When people find out I’ve hiked the entire SHT, they sometimes form a grandiose opinion of my outdoorsmanship and general machismo. Like I’m the kind of guy who walks around with a Leatherman multitool at all times, practically lives off the land and is prepared for Armageddon. In reality, I wouldn’t have slept a single night in the woods on my hiking trips if there were an easier way around it. Once I’d knocked the northernmost 180 miles off my checklist, there was an easier way around it, and I took full advantage of the opportunity to get dropped off at a trailhead and get picked up eightish miles away just a few hours later.
“I’m sorry, but the colors were TERRIBLE this year,” one Perfect Duluth Day reader wrote at the time. “Very disappointed.” Another agreed. “They’ve been very dim up the shore.” One advised that it was important to “get off the shore 5 miles inland” to see the colors at their best.
It’s human nature, I suppose, to consider all things in relation to whatever else might be possible. Just this past week I was at Bent Paddle’s busy tap room and my wife quickly ordered two Harness IPAs, knowing it’s a beer I love. While that was happening, I was a few feet away looking at the beer options on the board and elated to see Barrel-aged Double Shot Double Black Ale was available. When a Harness landed in front of me I wanted to take that beer I generally love and pour it directly into a urinal to make a clear path for the Double Black—the only acceptable beer in the world at that moment.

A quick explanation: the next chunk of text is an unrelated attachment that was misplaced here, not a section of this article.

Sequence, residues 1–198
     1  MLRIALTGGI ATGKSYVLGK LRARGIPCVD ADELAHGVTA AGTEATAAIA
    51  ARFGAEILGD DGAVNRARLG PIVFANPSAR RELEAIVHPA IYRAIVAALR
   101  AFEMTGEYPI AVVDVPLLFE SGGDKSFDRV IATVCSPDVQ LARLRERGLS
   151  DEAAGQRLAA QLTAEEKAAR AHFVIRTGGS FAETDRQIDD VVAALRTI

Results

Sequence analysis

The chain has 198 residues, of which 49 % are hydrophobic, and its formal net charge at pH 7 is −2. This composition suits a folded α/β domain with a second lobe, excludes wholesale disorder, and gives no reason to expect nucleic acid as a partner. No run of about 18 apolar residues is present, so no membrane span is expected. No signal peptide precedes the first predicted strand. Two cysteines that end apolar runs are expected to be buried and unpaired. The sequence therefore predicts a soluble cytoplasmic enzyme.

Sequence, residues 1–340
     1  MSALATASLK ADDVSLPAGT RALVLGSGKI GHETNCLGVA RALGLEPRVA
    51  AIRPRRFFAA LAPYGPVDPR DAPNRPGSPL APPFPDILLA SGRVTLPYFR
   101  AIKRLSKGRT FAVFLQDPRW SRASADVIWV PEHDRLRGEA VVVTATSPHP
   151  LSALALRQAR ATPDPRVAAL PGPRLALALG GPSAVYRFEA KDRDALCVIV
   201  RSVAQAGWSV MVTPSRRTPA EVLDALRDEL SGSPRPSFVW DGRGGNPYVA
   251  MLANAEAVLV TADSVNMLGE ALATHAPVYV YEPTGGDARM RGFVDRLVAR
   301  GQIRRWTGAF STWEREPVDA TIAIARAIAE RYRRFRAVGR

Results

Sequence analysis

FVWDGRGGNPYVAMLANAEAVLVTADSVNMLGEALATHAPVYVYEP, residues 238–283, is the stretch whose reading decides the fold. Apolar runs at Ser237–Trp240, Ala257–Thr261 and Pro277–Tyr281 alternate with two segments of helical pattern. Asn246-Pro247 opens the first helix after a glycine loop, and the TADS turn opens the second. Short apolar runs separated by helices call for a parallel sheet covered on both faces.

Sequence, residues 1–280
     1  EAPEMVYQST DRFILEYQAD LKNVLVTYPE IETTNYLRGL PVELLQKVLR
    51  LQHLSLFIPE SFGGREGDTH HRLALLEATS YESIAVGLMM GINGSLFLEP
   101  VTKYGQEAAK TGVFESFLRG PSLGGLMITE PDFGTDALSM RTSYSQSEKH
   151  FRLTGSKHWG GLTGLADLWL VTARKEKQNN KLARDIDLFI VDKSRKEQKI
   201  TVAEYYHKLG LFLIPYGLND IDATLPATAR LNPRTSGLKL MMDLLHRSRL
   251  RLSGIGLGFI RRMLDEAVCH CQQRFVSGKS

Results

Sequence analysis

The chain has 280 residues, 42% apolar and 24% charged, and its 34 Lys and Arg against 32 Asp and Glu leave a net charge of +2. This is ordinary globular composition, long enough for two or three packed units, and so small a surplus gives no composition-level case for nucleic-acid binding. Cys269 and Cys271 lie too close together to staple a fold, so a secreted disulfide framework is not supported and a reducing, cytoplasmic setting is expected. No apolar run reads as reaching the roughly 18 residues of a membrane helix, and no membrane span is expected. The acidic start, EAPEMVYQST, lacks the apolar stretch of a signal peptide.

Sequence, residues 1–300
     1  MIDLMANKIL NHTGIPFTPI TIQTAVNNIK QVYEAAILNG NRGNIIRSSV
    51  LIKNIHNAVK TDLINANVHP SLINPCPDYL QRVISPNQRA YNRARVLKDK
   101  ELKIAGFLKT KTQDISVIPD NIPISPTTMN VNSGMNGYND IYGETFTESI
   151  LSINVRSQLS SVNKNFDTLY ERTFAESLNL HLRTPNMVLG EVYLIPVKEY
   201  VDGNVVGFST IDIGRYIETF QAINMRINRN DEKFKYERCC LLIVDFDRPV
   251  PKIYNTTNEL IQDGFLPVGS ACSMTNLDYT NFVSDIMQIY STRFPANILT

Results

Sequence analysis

So when I say the fall colors were excellent in 2009 and show a few pictures, it’s with the understanding that maybe they were the 974th-best fall colors of all time.
In the fall of 2008 I resumed my north-to-south march on the Superior Hiking Trail at Finland Recreation Center. I was dropped off in the early evening, with just a 2.5-mile hike to Leskinen Creek Campsite. When I arrived I discovered I would have to share the space with a group of young men who were already set up there. Sometimes a person goes off into the wilderness with intentions of being alone, then sleeps 50 feet from snickering 20-year-olds.
This was one of only two times I shared a backwoods campsite during my SHT trips, and the only time I shared one with a group of people. My mostly solitary experiences were probably not typical, however, because I tended to hike late in the season — usually the tail end of September but sometimes well into October. On this trip I arrived at camp on Aug. 16, which was by far the earliest I had started an SHT trip. It was still summer. Still T-shirt and shorts season. The last grasp of summer for those attending school in September.
I introduced myself to the neighbors and spent a little time with them at their fire. I don’t recall much about them eight years later. I want to say they were from Hermantown. One was named Andy and another was Dan. I think there were three of them in total. They were nice guys. That’s about all I remember.